According to a recent report from the Kaiser Foundation, Americans spent more than $2.5 trillion on healthcare in 2010; to properly manage all of the claims that generated this large amount, billing professionals in the industry must be trained not only in medical terminology, but also private and governmental policies, laws, and regulations. Many demonstrate this expertise by obtaining a medical billing certificate.
Reasons for Getting Certified
Certificates provide better pay, greater job security, and more opportunities for career advancement. Government data indicates individuals who receive supplemental education are likelier to be employed and earn a high salary. This is certainly true for medical billing certificate holders, who earn 20% more than their less-educated colleagues, according to a recent study published by Georgetown University’s Center on Education and the Workforce.
Choosing a Certification Provider
There are a number of medical billing certification providers. Some of the most prominent organizations include:
- American Academy of Professional Coders (AAPC): Those who wish to specialize in billing frequently choose AAPC’s Certified Professional Biller (CPB) credential. This certification demonstrates knowledge of submitting claims, complying with regulations and insurance company policies, resolving denials, handling appeals, and managing collections. CPBs generally find work in doctor’s offices, outpatient facilities, clinics, and hospitals.
- American Health Information Management (AHIMA): Candidates who desire a generalist credential may prefer AHIMA’s Registered Health Information Technician (RHIT). This program focuses on ensuring record accuracy and coding records for both reimbursement and research. Certificate holders with experience often move into management, particularly if they build on the certification and obtain a bachelor’s degree.
- American Medical Billing Association (AMBA): Those interested in becoming a Certified Medical Reimbursement Specialist (CMRS) may prefer AMBA’s program. CMRS certification demonstrates knowledge of the ICD9, medical terminology, and insurance claims. CMRS holders build careers in doctor’s and specialty clinics and healthcare billing companies.
AAPC: Candidates should earn at least an associate degree prior to sitting for the CPB. To take the exam, AAPC membership is required, as well as a $300 fee. The exam consists of 200 questions administered over five hours and 40 minutes; AAPC personnel proctor the test at exam sites located across the country. The questions on the exam are allocated as follows: case analysis (25%), types of insurance (22%), reimbursement and collections (14%), billing (14%), billing regulations (12%), coding (7%), and HIPAA and compliance (5%).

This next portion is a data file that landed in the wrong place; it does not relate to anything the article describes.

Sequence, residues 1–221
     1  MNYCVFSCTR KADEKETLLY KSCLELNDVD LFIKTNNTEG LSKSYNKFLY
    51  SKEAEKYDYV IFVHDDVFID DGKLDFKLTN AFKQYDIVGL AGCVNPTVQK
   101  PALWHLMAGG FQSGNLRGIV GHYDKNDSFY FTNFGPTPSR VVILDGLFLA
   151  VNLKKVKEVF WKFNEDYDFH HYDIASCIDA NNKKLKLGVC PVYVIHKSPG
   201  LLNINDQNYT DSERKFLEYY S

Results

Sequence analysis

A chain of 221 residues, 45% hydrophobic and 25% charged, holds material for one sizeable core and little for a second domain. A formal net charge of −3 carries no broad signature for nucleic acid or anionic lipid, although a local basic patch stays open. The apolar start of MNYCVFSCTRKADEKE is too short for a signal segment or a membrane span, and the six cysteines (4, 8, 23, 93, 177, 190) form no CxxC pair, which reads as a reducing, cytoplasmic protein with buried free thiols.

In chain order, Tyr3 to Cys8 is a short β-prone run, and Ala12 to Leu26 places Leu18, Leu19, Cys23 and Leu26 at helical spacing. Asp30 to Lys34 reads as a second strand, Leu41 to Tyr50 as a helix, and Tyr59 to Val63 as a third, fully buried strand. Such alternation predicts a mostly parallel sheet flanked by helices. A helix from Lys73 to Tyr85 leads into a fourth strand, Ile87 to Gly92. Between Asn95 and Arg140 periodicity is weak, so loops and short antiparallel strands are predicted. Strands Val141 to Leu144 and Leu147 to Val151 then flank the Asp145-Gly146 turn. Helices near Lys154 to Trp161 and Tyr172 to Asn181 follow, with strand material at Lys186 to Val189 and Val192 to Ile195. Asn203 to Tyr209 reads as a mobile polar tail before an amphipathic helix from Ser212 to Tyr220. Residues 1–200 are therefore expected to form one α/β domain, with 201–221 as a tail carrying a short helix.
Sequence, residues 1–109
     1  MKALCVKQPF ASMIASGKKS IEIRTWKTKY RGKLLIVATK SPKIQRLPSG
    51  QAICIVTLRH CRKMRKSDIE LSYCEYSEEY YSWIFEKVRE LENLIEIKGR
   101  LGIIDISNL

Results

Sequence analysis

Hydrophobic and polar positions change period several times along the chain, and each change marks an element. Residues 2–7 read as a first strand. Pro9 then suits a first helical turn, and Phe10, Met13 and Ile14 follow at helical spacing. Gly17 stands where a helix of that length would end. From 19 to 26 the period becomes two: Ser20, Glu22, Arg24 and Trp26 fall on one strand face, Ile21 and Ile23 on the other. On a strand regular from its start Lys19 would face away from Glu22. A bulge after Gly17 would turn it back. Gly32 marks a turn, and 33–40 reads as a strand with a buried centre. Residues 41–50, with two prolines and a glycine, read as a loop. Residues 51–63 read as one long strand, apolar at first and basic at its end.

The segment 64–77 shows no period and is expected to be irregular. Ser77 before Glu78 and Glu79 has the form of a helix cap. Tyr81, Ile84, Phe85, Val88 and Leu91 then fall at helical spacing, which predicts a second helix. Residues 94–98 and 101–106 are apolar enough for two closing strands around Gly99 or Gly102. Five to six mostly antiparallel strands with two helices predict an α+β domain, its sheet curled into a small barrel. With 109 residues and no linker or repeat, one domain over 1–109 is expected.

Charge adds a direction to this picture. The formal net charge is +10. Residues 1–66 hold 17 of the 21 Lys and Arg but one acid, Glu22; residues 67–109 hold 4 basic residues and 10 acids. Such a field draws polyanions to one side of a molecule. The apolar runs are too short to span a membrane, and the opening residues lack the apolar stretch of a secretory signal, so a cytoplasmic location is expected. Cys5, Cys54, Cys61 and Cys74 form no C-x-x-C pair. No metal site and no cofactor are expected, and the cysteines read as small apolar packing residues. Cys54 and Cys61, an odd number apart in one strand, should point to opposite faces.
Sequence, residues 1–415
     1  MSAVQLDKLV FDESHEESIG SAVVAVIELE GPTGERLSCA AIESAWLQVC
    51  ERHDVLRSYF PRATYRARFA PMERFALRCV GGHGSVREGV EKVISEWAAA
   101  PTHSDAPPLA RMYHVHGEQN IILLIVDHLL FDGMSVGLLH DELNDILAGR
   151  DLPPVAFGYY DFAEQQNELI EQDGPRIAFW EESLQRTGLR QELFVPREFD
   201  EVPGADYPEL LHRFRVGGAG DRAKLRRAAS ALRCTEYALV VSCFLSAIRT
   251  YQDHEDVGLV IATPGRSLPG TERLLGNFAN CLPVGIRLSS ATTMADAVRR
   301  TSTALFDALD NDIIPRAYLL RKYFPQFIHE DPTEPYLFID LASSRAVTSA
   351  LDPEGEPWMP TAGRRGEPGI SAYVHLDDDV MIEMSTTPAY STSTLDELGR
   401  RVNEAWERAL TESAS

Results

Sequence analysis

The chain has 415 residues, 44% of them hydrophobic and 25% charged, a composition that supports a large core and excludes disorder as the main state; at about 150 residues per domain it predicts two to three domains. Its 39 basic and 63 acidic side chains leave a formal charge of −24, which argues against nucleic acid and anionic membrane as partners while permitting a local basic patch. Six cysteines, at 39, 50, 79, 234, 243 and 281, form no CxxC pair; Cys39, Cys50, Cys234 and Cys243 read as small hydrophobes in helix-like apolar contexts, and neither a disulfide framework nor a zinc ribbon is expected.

A 2012 AAPC survey revealed some type of certification was required for more than half of the positions held by AAPC members.
AHIMA: To be eligible to sit for AHIMA’s RHIT certification, the candidate must have associate-level academic credentials from an HIM accredited program. Depending on membership status, the exam costs between $229 and $299. Candidates sit for this 3.5-hour, 150-question exam in one of many test centers located across the U.S. Exam questions are split as follows: data analysis and management (20%); coding (18%); compliance (16%); information technology (12%); quality (12%); legal (11%); and revenue cycle (11%).
Precise employment data for this certificate is not available. However, as the Bureau of Labor Statistics notes, “employers prefer to hire medical records and health information technicians who have professional certification.” In 2010, the BLS reported these professionals earned a median annual salary of $32,350.
AMBA: The only prerequisites for taking the CMRS examination are a high school diploma and current membership in the AMBA. The exam fee is $325. Candidates sitting for the CMRS exam do so online, and may take up to 45 days to complete it. The exam is divided into 16 sections: medical terminology; anatomy and physiology; information technology; web and information technology; ICD-9-CM coding; CPT-4 coding; clearinghouses; CMS 1500; insurance; insurance carriers; acronyms; compliance; fraud and abuse, managed care, general and case study.
According to the BLS, medical records technicians earned a median salary of $32,350 in 2010. Nearly 180,000 people are employed in these positions, and the field is expected to grow 21% through 2020.
Although closely related, each certification program is unique. Carefully research your options to ensure that the credential program in which you choose to invest matches your academic preferences and will ultimately help you reach your professional goals.